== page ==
It’s important to note that there are usually warning signs before a severe CCL injury.
Usually, your pup’s knee joint will take strain over a prolonged time, causing increasing lameness, especially after physical exertion.
If you pick up on this early on and get help from the vet, you could prevent serious injuries.
Usually, this will involve lifestyle changes to accommodate your pup’s risk of CCL injury.
Suppose you don’t pick up on this. In that case, he’s likely to suffer serious injury from a seemingly insignificant event, like a slight misstep or even a low, gentle jump off the porch.
How should you protect/ confine your dog after TPLO surgery?
TPLO surgery is a massive operation, and your dog will need weeks to recover.
It may take up to three weeks before your pup’s injured leg can bear any weight.
Even if he can bear weight on that leg, he shouldn’t do so during the first eight weeks post-surgery.
This will allow enough time for poor Rover to heal properly.
Since dogs love exercise, and your Rover will likely get bored and try to chase the mailman, a squirrel, or even his own tail, you might have to lock him up for a bit.
A crate lined with clean bedding is usually a good option, depending on your pup’s temperament and conditioning.
When you take Rover to go potty, keep him on a leash or harness to prevent him from getting up to mischief.
Sometimes, that’s the only way to keep him from jumping, running, and playing.
The wound left after the operation is likely to itch as it heals, so many dogs lick and bite at it incessantly.
This could cause stitches to pull out or even open up the wound completely. Obviously, that’s not good for healing.
So, if your dog licks at his wound, he may need one of those cone collars to keep him from reaching the area.
He’ll probably look sheepish and have a hard time reaching his food bowl without the collar bumping it, but that’s preferable to ripped stitches.
What are the exercise restrictions after TPLO?
As mentioned earlier, your pup can’t (and shouldn’t) bear weight on his injured leg for at least three weeks post-surgery.
That’s a really long time, especially for a confined dog. Unfortunately, three weeks doesn’t mark the end of it.
For the first eight weeks post-surgery, your pup’s exercise should be severely limited to allow adequate recovery.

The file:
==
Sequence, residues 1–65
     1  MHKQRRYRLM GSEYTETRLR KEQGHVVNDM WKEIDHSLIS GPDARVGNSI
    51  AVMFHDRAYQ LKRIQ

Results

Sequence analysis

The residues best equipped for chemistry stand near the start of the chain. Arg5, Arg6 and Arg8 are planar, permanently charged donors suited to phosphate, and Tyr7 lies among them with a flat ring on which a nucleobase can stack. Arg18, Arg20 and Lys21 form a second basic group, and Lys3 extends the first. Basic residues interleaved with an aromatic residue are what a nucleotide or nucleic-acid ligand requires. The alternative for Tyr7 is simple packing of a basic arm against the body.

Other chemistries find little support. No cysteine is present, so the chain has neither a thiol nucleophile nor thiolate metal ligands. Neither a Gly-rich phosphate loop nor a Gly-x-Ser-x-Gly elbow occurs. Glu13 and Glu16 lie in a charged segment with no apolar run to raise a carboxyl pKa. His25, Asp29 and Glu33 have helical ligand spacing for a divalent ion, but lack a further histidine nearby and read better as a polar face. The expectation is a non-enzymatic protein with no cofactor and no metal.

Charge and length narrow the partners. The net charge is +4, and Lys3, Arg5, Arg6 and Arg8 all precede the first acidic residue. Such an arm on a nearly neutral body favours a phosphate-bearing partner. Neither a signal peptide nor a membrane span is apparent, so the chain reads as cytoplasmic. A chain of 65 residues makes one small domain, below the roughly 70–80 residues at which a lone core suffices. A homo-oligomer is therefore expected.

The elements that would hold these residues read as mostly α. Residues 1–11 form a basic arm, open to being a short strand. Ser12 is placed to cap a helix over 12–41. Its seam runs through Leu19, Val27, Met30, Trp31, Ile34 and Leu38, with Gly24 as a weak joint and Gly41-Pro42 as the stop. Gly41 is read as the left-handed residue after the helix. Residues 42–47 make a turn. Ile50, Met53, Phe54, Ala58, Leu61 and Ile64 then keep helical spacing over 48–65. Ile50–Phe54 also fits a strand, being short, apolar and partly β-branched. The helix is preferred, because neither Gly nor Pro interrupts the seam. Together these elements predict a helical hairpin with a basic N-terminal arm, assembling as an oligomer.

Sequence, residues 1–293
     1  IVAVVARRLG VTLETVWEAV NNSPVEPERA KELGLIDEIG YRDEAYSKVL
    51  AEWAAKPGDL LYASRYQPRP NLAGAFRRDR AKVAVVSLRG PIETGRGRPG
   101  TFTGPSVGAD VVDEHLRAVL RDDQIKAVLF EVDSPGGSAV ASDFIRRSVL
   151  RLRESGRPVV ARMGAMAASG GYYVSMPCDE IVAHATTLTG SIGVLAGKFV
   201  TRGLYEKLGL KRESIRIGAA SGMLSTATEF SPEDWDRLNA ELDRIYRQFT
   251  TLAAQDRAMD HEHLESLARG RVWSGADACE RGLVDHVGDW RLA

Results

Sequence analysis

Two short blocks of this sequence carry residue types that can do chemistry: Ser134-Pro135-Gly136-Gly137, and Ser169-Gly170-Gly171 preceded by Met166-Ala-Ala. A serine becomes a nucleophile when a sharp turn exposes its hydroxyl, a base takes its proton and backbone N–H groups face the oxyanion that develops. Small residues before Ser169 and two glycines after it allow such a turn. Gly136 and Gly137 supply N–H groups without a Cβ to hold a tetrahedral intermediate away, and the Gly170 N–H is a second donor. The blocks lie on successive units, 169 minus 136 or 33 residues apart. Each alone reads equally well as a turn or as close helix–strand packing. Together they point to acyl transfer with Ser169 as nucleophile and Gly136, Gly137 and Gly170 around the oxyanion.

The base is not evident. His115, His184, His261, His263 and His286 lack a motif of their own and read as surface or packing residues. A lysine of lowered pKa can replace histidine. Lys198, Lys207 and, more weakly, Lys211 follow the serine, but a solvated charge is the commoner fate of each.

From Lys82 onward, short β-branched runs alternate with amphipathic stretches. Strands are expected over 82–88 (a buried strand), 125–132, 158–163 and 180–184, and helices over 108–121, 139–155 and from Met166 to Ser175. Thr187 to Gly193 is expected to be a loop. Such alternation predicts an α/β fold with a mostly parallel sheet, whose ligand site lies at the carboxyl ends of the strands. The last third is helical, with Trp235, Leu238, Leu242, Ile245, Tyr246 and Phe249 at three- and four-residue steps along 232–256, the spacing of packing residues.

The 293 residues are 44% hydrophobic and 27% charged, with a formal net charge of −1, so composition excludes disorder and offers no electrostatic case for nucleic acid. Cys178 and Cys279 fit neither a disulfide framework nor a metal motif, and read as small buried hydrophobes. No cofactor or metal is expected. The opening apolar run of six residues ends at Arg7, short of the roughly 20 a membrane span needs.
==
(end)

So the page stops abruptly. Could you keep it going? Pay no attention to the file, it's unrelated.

Your vet will assess your pup and advise you on when and how to reintroduce exercise.
For this, hydrotherapy works well since it allows your pup’s muscles to move in their full range of motion, without the strain of weight-bearing.
Your vet will probably give you guys some homework as well, prescribing gentle range-of-motion exercises to retrain Rover’s muscles.
What is the success rate of TPLO surgery?
While TPLO surgery is a significant procedure that carries considerable risks, the success rate is a whopping 90%.
For this reason, it’s often used on larger dogs or dogs that perform athletically.
What are the symptoms of TPLO surgery failing?
TPLO surgeries sometimes go wrong, and picking up on the warning signs early on is essential. So, what are the warning signs?
Basically, you’ll notice that your pup’s not healing. He’ll show signs that he’s in pain, many weeks post-surgery. He also won’t be able to bear weight on the injured leg.
In severe cases, where infection sets in, your pup could run a fever and show signs of serious illness, such as vomiting, disorientation, excessive drooling, and even fainting.
If you notice any of the above signs, or if you’re not sure that your pup’s recovery is going as well as it should, talk to your vet. Rather be on the safe side with this one.
Are any breeds more at risk of CCL injuries than other breeds?
Unfortunately, your dog’s breed could increase his risk of suffering from (CCL) injuries.
Breeds that are especially at risk include Labradors, Newfoundlands, Rottweilers, German Shepherds, and Golden Retrievers.
This reads like a hit list of dogs genetically most likely to suffer from arthritis or osteoporosis. Sorry, guys.
TPLO surgery is a big deal and will require significant sacrifice to nurse your pup back to health, but the success rate is high.
If your pup underwent this procedure, you’d have to keep him under lock and key for a few weeks to keep him from jumping and playing.
Other than walking outside to go potty, physical activity is a hard no since it could cause irreparable damage to the injured area.
It’s worth it, though, since your pup will likely heal well and be back to his old self before you know it.